A new survey suggests there's no lack of praise around the office, with more than one-third of employees saying their employers are very effective at acknowledging employee contributions. Three-quarters (76 percent) of employees surveyed saying their companies' efforts to recognize employee achievements are at least "somewhat effective."
The survey was developed by the Creative Group, a specialized staffing service that provides marketing, advertising, creative and web professionals on a project basis.
"Most businesses realize that it takes more than a steady paycheck to inspire outstanding employee performance," said Tracey Fuller, executive director of the Creative Group. "Staff members who know their contributions make a difference and are rewarded are more engaged and, ultimately, more productive on the job."
Fuller noted that while many professionals rated their company's recognition programs highly, one in five signaled their firms could use improvement in this area. "Organizations that fail to adequately acknowledge staff achievements could see rising turnover as the economy picks up and more job opportunities become available," she said.
Fuller offered the following tips for recognizing employee efforts:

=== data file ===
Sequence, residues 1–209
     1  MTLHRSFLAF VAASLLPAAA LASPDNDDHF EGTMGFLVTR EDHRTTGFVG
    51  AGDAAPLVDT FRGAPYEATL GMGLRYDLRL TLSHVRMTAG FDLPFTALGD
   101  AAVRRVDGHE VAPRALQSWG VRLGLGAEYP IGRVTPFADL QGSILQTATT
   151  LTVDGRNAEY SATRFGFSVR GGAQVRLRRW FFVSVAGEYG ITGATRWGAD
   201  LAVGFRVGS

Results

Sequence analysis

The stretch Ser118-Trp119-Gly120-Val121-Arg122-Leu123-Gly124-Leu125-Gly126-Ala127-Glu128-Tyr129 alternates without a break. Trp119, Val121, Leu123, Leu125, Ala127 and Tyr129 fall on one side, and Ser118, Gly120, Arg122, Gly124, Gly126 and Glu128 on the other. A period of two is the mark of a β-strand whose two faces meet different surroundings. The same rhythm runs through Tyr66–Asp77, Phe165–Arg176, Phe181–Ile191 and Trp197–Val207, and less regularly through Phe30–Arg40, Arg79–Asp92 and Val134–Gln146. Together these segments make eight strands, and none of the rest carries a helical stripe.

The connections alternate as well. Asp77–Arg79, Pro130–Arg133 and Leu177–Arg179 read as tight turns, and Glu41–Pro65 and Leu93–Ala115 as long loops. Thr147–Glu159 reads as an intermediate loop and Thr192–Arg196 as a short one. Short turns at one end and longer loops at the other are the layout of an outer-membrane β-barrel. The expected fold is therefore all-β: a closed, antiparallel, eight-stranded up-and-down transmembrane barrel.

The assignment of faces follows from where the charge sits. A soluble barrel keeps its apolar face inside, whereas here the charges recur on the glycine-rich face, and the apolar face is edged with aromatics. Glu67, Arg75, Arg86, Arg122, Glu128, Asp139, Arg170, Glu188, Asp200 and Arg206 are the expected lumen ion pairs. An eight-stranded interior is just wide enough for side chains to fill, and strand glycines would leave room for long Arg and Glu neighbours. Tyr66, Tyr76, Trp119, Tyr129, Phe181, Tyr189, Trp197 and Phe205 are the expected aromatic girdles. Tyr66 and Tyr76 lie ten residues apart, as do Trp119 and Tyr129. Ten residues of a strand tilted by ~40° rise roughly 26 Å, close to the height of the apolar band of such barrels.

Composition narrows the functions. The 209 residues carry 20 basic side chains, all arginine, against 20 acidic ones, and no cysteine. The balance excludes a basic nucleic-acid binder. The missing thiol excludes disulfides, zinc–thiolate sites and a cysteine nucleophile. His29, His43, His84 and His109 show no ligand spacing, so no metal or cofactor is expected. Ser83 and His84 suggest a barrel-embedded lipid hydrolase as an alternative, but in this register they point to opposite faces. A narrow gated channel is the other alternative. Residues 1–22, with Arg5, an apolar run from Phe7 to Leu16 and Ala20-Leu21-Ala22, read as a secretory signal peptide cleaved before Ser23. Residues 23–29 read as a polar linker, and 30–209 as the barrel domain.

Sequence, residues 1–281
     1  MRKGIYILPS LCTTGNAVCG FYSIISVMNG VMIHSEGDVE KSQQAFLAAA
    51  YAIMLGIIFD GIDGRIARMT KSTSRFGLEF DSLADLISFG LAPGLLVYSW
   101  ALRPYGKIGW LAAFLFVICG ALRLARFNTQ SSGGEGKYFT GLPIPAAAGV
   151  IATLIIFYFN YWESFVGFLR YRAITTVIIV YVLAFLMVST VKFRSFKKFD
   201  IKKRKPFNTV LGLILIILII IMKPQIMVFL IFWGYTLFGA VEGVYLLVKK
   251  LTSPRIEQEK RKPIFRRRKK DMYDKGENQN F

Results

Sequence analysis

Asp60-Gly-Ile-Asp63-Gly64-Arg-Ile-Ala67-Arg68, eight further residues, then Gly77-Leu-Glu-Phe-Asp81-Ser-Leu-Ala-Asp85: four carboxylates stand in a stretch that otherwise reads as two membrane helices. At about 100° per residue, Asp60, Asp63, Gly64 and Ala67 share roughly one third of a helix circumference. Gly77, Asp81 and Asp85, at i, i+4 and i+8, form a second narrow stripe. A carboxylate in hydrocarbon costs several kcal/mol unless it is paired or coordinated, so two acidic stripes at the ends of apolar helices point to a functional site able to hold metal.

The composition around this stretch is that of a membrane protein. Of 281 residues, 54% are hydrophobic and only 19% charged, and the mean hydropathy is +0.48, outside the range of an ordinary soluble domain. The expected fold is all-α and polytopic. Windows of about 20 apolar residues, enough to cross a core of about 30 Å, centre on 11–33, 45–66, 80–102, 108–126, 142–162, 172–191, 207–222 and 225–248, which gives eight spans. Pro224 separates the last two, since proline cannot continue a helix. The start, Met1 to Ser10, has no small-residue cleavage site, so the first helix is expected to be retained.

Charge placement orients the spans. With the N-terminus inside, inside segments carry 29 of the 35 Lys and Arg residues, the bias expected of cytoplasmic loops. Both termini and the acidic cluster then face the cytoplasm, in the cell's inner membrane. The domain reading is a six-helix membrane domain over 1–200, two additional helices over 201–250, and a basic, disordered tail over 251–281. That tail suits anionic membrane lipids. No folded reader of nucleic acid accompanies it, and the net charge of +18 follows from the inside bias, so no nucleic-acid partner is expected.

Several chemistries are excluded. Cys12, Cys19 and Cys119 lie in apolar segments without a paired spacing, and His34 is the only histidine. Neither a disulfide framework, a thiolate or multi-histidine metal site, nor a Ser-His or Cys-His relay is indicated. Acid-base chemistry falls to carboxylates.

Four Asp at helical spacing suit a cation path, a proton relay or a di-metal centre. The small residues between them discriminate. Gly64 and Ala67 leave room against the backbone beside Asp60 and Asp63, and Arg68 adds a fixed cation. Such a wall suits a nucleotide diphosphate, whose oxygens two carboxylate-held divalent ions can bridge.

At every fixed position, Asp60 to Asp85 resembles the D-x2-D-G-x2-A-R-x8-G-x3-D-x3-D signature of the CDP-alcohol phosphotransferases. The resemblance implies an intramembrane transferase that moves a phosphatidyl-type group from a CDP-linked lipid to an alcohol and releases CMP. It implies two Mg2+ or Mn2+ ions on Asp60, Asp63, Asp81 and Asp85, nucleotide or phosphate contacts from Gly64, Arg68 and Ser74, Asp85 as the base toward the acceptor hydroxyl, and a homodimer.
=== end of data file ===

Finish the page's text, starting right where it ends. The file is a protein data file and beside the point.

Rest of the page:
- Break the chain. Seasoned employees often require less encouragement than other workers and, as a result, may receive infrequent praise from their superiors. If you're a manager, don't pass this behavior along. By regularly recognizing the efforts of individuals at all levels, you show appreciation and encourage your team to do the same.
- Make a sincere effort. Praise needs to be genuine to be effective. Be thoughtful in your compliments or they will lose their meaning.
- Think outside the bucks. While money is a powerful motivator, it's not the only way to acknowledge extra effort. More affordable options include sending a hand-written thank-you note, mentioning a star performer in a company newsletter or staff meeting, or giving an employee a day off.
- Reward the right behavior. Make sure formal rewards programs are tied to actions that are most important to the business, such as safety or problem-solving.
For more information about incentives and recognition programs, visit our Safety Incentives and Recognition Safety Zone.